TEFLs problems are shared by most industries. Mainstream education is just as bad if not worse in it's own way.

It's all capitalism's fault!


I think that last one is a joke, right? Really, the central feature of capitalism is market decisions being made out of self interest. Even nations that are supposedly communist have to bow down to the dictates of self interest. Some of these communist systems are creating more degradation of culture and the planet than capitalistic systems.

Self interest is why you see most of the terrible behavior here in Asia (and everywhere), be it the driving, the polluting, corruption, cheating, you name it. Self interest has driven us to our mastery of the planet and is driving us to kill this same planet.

I would take it a step further and say it is all the fault of human nature.
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ExpatLuke



Joined: 11 Feb 2012
Posts: 743

PostPosted: Mon Oct 24, 2016 4:30 am    Post subject: Reply with quote

kurtz wrote:

What is equally as bad is when foreign teachers who have no HR or management skills are suddenly in charge of other people. Often they are given these jobs as they have stayed at the one workplace for two or more years and have no real idea what they are doing. As a result, decision making and man management is poor.


It's not uncommon practice in any company to promote from within. In most cases, it's a sign of the company's health when they can do this and don't have to bring in someone else just to fill a specific position.

I don't think I would take a position at a school that didn't have opportunities for advancement in the future. I know many ESL teachers have a nomadic nature, but that's not always helpful when building a career. I mean, how much higher of a salary can you negotiate for yourself if you have 10 years of teaching experience vs. 20 years?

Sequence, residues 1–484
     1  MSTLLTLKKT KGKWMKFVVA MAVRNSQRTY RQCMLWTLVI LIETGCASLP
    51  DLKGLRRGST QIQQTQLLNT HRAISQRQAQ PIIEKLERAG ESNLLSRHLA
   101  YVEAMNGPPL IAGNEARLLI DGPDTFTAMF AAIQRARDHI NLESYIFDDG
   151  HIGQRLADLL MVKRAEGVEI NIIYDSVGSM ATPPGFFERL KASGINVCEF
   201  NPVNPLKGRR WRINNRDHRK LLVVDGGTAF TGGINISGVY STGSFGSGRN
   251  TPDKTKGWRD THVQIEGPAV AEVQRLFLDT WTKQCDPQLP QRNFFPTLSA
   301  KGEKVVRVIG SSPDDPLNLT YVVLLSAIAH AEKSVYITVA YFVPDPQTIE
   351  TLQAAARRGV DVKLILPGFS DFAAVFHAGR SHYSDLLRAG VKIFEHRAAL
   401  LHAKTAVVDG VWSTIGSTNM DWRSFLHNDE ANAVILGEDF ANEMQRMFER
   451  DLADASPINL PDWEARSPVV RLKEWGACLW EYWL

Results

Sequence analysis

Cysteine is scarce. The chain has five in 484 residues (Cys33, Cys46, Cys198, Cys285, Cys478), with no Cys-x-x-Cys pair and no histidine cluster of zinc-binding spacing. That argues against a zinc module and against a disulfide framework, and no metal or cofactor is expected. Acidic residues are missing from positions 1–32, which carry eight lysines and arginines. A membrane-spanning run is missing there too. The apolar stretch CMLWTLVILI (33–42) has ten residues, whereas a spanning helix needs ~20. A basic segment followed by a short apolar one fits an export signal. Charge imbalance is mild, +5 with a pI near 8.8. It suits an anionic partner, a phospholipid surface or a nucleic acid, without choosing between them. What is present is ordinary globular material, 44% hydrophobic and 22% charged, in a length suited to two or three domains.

Now, of course a school should offer training or send you to management workshops...
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half moon



Joined: 17 Jul 2007
Posts: 49

PostPosted: Mon Oct 24, 2016 4:39 am    Post subject: Reply with quote

[quote="kurtz"]
half moon wrote:
cb400 wrote:
I ended up jaded after 10 years, returned home once an opportunity presented itself and never looked back.


IMO, this may also be Burnout.

Burnout is real and happens to some teachers and often occurs around the 10 year mark.

Teaching takes a lot of mental energy IMO, and the way the schools are run and such it adds to reasons why some teachers move on to new things.

I believe....no, I know....that I am close to leaving teaching (for a spell or permanently) to do something different.
Many schools in Asia are run as a business with no real concern for educational outcomes. I know the schools are there to make a quid, but in general, the people running the show have no idea about education and students are seen as income streams, rather than students who in many cases actually want to learn something.


Indeed.

I've always chosen schools that were on the "caring" side or things or at least cared somewhat and avoided the schools that didn't give a rip.

Sometimes, it's not easy to avoid the garbage because of schedules, length of commute, etc.

You end up in the flea bag mills, and some of flea bags are the "better" ones.

Quote:
What is equally as bad is when foreign teachers who have no HR or management skills are suddenly in charge of other people. Often they are given these jobs as they have stayed at the one workplace for two or more years and have no real idea what they are doing. As a result, decision making and man management is poor.


Boy, I've seen this.